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Title: Harnessing catalytic pumps for directional delivery of microparticles in microchambers

Abstract

The directed transport of microparticles in microfluidic devices is vital for efficient bioassays and fabrication of complex microstructures. There remains, but, a need for methods to propel and steer microscopic cargo that do not require modifying these particles. By using theory and experiments, we show that catalytic surface reactions can be used to deliver microparticle cargo to specified regions in microchambers. Here reagents diffuse from a gel reservoir and react with the catalyst-coated surface. Fluid density gradients due to the spatially varying reagent concentration induce a convective flow, which carries the suspended particles until the reagents are consumed. Consequently, the cargo is deposited around a specific position on the surface. The velocity and final peak location of the cargo can be tuned independently. And by increasing the local particle concentration, highly sensitive assays can be performed efficiently and rapidly. Moreover, the process can be repeated by introducing fresh reagent into the microchamber.

Authors:
 [1];  [2];  [1]; ORCiD logo [2];  [1];  [1];  [1];  [2];  [1]
  1. Pennsylvania State Univ., University Park, PA (United States). Dept. of Chemistry
  2. Univ. of Pittsburgh, PA (United States). Dept. of Chemical Engineering
Publication Date:
Research Org.:
Univ. of Pittsburgh, PA (United States)
Sponsoring Org.:
USDOE
OSTI Identifier:
1366471
Grant/Contract Number:
FG02-90ER45438
Resource Type:
Journal Article: Accepted Manuscript
Journal Name:
Nature Communications
Additional Journal Information:
Journal Volume: 8; Journal ID: ISSN 2041-1723
Publisher:
Nature Publishing Group
Country of Publication:
United States
Language:
English
Subject:
37 INORGANIC, ORGANIC, PHYSICAL, AND ANALYTICAL CHEMISTRY; 72 PHYSICS OF ELEMENTARY PARTICLES AND FIELDS; chemical engineering; fluid dynamics

Citation Formats

Das, Sambeeta, Shklyaev, Oleg E., Altemose, Alicia, Shum, Henry, Ortiz-Rivera, Isamar, Valdez, Lyanne, Mallouk, Thomas E., Balazs, Anna C., and Sen, Ayusman. Harnessing catalytic pumps for directional delivery of microparticles in microchambers. United States: N. p., 2017. Web. doi:10.1038/ncomms14384.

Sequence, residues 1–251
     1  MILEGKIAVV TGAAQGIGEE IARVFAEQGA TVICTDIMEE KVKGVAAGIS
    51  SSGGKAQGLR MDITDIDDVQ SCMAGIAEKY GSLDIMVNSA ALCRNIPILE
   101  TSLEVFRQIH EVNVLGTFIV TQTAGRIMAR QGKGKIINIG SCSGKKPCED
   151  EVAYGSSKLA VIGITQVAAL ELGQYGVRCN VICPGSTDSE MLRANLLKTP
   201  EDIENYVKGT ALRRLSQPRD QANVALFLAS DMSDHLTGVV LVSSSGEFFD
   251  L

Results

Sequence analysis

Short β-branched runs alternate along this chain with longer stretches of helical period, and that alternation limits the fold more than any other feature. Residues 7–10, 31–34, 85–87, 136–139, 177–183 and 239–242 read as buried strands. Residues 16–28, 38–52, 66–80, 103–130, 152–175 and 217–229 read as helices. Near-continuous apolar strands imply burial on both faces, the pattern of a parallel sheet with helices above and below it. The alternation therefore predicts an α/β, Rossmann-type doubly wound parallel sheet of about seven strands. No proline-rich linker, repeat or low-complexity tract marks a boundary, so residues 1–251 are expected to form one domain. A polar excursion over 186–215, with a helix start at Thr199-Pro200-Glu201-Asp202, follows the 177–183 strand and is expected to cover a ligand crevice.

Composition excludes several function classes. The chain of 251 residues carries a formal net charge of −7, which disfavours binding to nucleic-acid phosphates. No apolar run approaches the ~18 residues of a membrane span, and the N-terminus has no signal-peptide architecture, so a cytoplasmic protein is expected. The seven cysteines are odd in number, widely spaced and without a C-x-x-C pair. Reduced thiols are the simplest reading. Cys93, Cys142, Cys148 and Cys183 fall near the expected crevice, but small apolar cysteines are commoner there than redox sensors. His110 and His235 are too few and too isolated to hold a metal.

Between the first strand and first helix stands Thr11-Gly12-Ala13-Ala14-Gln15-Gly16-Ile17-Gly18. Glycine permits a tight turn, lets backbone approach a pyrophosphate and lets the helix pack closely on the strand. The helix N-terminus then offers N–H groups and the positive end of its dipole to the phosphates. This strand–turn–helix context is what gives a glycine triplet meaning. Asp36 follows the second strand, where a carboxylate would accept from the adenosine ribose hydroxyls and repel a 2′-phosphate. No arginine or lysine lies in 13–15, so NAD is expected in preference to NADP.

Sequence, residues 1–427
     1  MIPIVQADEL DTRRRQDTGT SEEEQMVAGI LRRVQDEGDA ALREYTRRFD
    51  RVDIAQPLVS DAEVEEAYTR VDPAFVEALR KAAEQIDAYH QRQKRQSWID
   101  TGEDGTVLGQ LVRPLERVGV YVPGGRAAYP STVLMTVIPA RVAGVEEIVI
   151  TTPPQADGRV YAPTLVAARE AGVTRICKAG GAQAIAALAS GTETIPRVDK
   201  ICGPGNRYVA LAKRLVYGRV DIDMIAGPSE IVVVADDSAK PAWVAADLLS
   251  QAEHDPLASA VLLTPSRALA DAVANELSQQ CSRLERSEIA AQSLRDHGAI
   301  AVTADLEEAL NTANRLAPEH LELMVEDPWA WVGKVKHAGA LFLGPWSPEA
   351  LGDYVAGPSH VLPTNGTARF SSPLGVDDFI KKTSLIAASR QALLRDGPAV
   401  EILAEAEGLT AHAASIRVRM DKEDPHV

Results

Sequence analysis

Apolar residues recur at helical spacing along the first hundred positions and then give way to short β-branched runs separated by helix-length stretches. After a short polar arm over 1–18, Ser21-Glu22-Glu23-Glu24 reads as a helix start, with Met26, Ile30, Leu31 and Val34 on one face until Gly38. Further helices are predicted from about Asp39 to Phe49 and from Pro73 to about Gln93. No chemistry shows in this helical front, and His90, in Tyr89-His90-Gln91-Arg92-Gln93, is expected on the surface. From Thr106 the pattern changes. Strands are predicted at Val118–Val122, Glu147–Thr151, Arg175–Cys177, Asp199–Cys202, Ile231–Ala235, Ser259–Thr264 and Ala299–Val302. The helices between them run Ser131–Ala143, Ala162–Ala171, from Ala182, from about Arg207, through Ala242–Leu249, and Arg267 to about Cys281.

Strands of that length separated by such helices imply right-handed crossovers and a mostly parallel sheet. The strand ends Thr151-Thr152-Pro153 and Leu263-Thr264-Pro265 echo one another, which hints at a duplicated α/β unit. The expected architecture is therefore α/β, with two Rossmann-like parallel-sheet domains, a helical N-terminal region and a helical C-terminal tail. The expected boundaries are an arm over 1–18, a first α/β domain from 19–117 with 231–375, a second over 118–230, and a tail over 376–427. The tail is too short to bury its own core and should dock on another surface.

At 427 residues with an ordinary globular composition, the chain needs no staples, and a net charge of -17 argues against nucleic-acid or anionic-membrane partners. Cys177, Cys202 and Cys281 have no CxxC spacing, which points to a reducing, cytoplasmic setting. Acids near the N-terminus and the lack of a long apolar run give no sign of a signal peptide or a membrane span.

Das, Sambeeta, Shklyaev, Oleg E., Altemose, Alicia, Shum, Henry, Ortiz-Rivera, Isamar, Valdez, Lyanne, Mallouk, Thomas E., Balazs, Anna C., & Sen, Ayusman. Harnessing catalytic pumps for directional delivery of microparticles in microchambers. United States. doi:10.1038/ncomms14384.
Das, Sambeeta, Shklyaev, Oleg E., Altemose, Alicia, Shum, Henry, Ortiz-Rivera, Isamar, Valdez, Lyanne, Mallouk, Thomas E., Balazs, Anna C., and Sen, Ayusman. Fri . "Harnessing catalytic pumps for directional delivery of microparticles in microchambers". United States. doi:10.1038/ncomms14384. https://www.osti.gov/servlets/purl/1366471.
@article{osti_1366471,
title = {Harnessing catalytic pumps for directional delivery of microparticles in microchambers},
author = {Das, Sambeeta and Shklyaev, Oleg E. and Altemose, Alicia and Shum, Henry and Ortiz-Rivera, Isamar and Valdez, Lyanne and Mallouk, Thomas E. and Balazs, Anna C. and Sen, Ayusman},
abstractNote = {The directed transport of microparticles in microfluidic devices is vital for efficient bioassays and fabrication of complex microstructures. There remains, but, a need for methods to propel and steer microscopic cargo that do not require modifying these particles. By using theory and experiments, we show that catalytic surface reactions can be used to deliver microparticle cargo to specified regions in microchambers. Here reagents diffuse from a gel reservoir and react with the catalyst-coated surface. Fluid density gradients due to the spatially varying reagent concentration induce a convective flow, which carries the suspended particles until the reagents are consumed. Consequently, the cargo is deposited around a specific position on the surface. The velocity and final peak location of the cargo can be tuned independently. And by increasing the local particle concentration, highly sensitive assays can be performed efficiently and rapidly. Moreover, the process can be repeated by introducing fresh reagent into the microchamber.},
doi = {10.1038/ncomms14384},
journal = {Nature Communications},
number = ,
volume = 8,
place = {United States},
year = {Fri Feb 17 00:00:00 EST 2017},
month = {Fri Feb 17 00:00:00 EST 2017}
}

Journal Article:
Free Publicly Available Full Text
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Cited by: 1work
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